The strategy is that a motor whose enabled input is high but whose feedback has been low for at least 1/45 s is in shutdown and should trigger the feedhold. This is done with a simple state machine that keeps track of whether the motor is “disabled”, “enabled with feedback low”, “enabled with feedback high”, and which times out into an “alarm” state if the “enabled with feedback low” persists longer than allowed. By measuring the time in the feedback high vs low states, the PWM is measured and this is used to adjust the intensity of three LEDs that give a visual indication of how much torque the motor is outputting. If a motor goes into the alarm state, a red “shutdown” LED illuminates so it’s obvious which of the three motors caused the alarm condition.

This seems to work quite well in tests, the only problem is initializing the state at boot, if the motors are already enabled. The code can always be found in my Arduino repository if anyone’s interested.

When I removed the old Z-axis stepper, I discovered that the coupler had cracked almost completely through. It only took a little axial bending for it to split into two pieces. It clearly would not have lasted much longer.

As I removed the steppers from the mill, I also discovered that the Rocom coupler that connects the Z-axis motor to the ballscrew had cracked and was close to splitting in two. This clearly is fatigue cracking and might be related to the fact that there is some wobble in the ballscrew thrust bearing, so there’s more flexing here than it should be. Crashing the machine into the workpiece and into the hardstops also probably haven’t helped…

This is the motor for the X-axis (the Y uses the same model). It is one of the smallest and cheapest Clearpath motors, the SDSK-2311S. This motor did not have enough torque for the Z-axis.

This wasn’t actually a big deal, because when I tested the motors on the Z-axis it became clear that they didn’t have enough torque to overcome the combined effect of the friction in the ways and the weight of the mill head, so I had to order a different motor that trades speed for torque. The larger motor also has a 0.375″ shaft as opposed to a 0.25″ one, so I would have had to get a new coupler in any case, even if the current one hadn’t cracked.

When I tested the XY motors on the Z-axis, it became clear that it needed a larger motor. This is the SDSK-2331S, which trades a lower max RPM for more than twice the torque (and more length.) It’s a bit more expensive, but not much. It also has a 0.375″ shaft, which required a new coupler.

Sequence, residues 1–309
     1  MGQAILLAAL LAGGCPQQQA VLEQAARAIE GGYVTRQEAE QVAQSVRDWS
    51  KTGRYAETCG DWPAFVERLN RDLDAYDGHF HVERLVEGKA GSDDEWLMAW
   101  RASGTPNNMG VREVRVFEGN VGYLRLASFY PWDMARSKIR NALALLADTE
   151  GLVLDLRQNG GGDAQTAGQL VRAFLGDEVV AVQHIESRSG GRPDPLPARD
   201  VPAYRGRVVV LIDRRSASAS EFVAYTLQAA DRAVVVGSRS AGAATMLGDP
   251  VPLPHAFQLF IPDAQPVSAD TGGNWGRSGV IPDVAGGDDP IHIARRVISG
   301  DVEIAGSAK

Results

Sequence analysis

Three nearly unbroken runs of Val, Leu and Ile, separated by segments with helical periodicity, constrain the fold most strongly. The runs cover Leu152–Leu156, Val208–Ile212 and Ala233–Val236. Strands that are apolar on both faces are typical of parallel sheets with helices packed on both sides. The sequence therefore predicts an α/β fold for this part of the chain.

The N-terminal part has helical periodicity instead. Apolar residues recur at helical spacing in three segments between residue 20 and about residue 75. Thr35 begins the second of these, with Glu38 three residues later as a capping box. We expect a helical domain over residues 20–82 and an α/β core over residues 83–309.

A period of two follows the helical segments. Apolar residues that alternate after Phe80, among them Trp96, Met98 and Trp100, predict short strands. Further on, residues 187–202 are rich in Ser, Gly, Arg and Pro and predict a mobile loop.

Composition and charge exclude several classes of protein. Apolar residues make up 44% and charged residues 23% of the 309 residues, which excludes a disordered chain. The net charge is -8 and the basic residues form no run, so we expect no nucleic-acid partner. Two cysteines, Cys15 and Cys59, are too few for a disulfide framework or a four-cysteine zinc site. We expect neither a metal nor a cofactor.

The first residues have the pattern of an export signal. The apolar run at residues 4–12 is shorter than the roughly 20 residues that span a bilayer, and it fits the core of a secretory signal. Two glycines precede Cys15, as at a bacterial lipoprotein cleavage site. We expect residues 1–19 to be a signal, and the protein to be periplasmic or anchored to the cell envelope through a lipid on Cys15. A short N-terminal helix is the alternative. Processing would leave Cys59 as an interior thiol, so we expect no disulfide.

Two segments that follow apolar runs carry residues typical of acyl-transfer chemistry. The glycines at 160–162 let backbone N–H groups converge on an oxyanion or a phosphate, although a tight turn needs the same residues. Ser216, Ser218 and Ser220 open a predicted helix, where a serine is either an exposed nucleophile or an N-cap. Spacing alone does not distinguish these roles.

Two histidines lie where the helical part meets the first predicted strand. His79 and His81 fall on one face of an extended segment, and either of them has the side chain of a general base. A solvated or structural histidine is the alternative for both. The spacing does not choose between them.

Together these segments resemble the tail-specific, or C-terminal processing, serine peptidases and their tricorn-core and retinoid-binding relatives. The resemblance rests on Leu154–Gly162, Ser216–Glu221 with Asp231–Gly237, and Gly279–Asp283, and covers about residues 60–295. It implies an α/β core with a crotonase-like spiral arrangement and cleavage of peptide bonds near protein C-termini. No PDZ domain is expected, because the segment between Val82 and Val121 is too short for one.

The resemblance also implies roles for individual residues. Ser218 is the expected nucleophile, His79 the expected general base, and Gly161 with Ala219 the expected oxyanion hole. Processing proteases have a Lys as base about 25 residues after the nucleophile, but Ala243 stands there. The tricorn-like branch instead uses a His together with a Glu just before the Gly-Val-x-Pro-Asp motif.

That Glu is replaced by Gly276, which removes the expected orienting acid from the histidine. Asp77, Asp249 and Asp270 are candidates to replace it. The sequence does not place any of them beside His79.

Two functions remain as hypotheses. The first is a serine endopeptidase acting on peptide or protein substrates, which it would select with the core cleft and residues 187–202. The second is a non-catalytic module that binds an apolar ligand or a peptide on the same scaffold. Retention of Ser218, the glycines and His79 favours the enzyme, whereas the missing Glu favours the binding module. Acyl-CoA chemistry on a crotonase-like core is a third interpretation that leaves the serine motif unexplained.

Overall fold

I got the couplers with the CNC Fusion kit. They appear to no longer be in business, but I found you can order them directly from Rocom. However, buying a single one from them costs $100 compared to the ~$25 I paid CNC Fusion. Apparently they must have a large volume discount…

The servos do use a lot more complicated cabling than the steppers did, so there was a lot of connector crimping going on.

Once the electronics were done, I needed to make the cables. The motors use a 8-pin MiniFit connector for the signals and a 4-pin one for power. Then I needed internal cables to go from the board to the connector on the back of the box, too, so I ended up doing a lot of crimping.

The circuit board with all the connections hooked up. It’s quite busy inside there now.

Once I found a couple solder bridges on the circuit board, worked out some kinks with the Arduino code, and adjusted the motor settings in G2, it seems to run well. The servos really haul, I’m now running a  max jerk setting that’s 4x what I ran with the steppers, and 50% more speed. The XY axes now traverse at 15000mm/min, while the Z-axis, with its lower speed motor, maxes out at 13000mm/min. I loaded up an old job just to see what it would look like:

The one thing I haven’t figured out yet is whether it’s possible to keep the position in case a motor shuts down. The fact that it’s shut down of course means that it’s no longer holding position, but the motors still keep track of their position commands and there’s a setting where they will return to their commanded position when they’re re-enabled. I haven’t tested this but, if it works as expected, it should be possible to move the other axes during feedhold to clear the spindle and re-enable the motor that shut down. It would then return to the position it should be and it might be possible to resume the job, which would be awesome.

Even if it’s not possible to resume the job, not losing position means that it can be canceled and restarted with suitable changes and the work coordinate system would still be valid. This is in contrast to the steppers where a lost position in practice means that you need to re-measure part zero. In principle, it would be sufficient to just re-home the axis, but the limit switches are only repeatable to something like +-0.2mm which usually is not good enough.

I’ll report back with how this works out once I’ve gotten some time on it, but for now this looks like a great upgrade.